proper ordering of all the nodes and subtrees. The choice of which labels were
placed where in the first figure was clever, and is what guarantees that the
final tree has the same labels in all four cases.

*Why does a rotation preserve the Global Invariant?* Before a rotation, the tree
satisfies the Global Invariant. That means the subtrees `a`

-`d`

below the
grandparent all have the same black height, and the grandparent adds one to that
height. In the rotated tree, the subtrees are all at the same level, but now `x`

and `z`

add one to that height. The overall black height of the tree has not
changed, and each path continues to have the same black height.

*Why does a rotation establish the Local Invariant?* The only Local Invariant
violation in the tree before the rotation involved the marked node. After the
rotation, that violation has been eliminated. Moreover, since `x`

and `z`

are
colored black after the rotation, they cannot be creating new Local Invariant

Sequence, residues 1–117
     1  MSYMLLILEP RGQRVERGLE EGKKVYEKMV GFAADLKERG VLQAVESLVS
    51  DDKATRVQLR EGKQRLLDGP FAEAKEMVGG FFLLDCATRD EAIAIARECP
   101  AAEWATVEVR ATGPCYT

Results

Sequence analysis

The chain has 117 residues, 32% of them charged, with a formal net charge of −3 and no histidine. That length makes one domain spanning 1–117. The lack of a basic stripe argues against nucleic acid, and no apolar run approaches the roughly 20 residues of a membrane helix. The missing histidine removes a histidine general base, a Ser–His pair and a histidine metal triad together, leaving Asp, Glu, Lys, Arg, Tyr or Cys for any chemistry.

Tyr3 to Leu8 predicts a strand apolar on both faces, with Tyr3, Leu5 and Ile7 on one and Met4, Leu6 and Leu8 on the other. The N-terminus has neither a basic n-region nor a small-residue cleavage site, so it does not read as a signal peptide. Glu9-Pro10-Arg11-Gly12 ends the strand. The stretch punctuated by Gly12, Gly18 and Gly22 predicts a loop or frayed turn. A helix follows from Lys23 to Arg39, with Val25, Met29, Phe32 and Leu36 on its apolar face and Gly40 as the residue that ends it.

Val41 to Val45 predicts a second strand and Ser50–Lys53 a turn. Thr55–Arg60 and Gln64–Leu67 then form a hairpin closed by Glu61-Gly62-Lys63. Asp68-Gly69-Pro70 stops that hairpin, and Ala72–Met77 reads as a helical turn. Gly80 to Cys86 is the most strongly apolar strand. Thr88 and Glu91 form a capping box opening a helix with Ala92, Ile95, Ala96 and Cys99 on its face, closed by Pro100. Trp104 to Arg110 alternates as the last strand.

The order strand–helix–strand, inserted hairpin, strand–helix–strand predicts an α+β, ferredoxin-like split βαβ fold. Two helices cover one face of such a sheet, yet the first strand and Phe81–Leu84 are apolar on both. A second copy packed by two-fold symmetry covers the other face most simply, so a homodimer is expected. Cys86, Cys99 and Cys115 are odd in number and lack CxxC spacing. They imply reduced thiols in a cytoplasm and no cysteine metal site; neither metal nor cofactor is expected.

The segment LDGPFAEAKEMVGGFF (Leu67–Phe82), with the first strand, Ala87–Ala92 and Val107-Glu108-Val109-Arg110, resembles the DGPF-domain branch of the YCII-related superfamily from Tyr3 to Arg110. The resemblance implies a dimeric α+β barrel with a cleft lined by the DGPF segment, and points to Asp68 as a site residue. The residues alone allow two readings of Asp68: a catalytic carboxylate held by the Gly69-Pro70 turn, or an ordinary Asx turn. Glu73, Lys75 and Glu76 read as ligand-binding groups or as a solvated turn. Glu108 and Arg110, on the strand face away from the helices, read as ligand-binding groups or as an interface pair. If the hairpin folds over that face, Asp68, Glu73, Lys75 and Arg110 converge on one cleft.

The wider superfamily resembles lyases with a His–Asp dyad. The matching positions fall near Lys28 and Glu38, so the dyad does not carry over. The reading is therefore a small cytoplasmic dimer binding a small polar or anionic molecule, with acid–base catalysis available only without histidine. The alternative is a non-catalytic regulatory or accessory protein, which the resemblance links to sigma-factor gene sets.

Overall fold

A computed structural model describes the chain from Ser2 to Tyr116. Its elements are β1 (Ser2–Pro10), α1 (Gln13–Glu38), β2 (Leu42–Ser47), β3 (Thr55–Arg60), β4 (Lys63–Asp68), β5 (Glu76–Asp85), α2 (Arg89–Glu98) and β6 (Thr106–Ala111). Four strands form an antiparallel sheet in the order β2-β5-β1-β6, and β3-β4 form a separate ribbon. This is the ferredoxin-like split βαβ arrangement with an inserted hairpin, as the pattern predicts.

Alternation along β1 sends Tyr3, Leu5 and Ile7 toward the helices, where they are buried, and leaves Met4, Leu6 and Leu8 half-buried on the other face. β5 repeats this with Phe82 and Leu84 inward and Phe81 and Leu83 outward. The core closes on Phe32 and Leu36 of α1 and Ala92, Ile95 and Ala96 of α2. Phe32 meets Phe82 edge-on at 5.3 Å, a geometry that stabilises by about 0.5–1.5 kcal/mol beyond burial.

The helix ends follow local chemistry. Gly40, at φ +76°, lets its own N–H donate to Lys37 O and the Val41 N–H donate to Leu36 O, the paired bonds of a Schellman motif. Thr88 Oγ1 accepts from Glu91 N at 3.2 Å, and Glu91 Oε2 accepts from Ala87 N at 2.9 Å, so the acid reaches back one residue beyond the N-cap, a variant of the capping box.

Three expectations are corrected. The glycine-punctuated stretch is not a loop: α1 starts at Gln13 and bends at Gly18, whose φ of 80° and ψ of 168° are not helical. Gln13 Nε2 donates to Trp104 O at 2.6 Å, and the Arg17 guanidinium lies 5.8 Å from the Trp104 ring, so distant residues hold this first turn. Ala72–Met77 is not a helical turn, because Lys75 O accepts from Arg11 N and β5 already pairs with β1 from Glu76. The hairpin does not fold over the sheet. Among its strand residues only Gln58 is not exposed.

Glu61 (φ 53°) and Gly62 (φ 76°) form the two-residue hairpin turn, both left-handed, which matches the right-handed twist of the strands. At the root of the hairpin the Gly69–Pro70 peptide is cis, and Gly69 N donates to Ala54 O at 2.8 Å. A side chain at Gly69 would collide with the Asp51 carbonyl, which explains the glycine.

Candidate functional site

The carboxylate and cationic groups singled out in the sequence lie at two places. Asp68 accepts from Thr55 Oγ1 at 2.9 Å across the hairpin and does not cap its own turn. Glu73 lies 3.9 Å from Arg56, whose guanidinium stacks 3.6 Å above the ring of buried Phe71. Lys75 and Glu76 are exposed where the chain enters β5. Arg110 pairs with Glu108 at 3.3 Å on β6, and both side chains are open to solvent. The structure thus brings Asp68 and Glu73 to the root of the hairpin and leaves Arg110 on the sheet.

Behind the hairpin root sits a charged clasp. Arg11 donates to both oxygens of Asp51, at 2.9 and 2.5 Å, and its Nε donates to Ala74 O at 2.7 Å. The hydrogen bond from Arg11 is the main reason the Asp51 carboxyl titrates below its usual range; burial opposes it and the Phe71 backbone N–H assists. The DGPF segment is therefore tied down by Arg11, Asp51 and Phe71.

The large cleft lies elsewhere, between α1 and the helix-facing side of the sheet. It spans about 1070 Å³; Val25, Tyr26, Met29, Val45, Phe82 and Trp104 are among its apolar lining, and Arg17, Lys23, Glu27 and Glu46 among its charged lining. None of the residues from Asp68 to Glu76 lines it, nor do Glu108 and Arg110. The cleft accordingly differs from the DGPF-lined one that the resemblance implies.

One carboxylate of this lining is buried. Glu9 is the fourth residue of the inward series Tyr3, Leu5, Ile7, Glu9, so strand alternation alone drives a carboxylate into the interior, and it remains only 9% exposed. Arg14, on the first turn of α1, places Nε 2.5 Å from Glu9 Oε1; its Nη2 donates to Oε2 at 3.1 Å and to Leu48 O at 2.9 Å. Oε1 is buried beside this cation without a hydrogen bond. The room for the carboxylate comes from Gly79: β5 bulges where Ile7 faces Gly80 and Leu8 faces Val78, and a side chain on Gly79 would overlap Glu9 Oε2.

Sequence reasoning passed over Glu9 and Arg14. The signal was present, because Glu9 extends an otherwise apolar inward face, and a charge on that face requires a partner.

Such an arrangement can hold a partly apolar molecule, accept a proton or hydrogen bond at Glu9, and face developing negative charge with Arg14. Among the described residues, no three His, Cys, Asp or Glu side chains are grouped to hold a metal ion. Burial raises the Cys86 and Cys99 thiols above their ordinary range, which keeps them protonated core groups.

violations with the root (if any) of subtrees `a`

-`d`

. However, the root of the
rotated tree is now `y`

and is colored red. If that node has a parent—that
is, if the grandparent in cases 1-4 was not the root of the entire
tree—then it’s possible we just created a new Local Invariant violation
between `y`

and its parent!

To address that possible new violation, we need to continue walking up the tree
from `y`

to the root, and fix further Local Invariant violations as we go. In
the worst case, the process cascades all the way up to the top of the tree and
results in two adjacent red nodes, one of which has just become the root. But if
this happens, we can just recolor this new root from red to black. That finishes
restoring the Local Invariant. It also preserves the Global Invariant while
increasing the total black height of the entire tree by one—and that is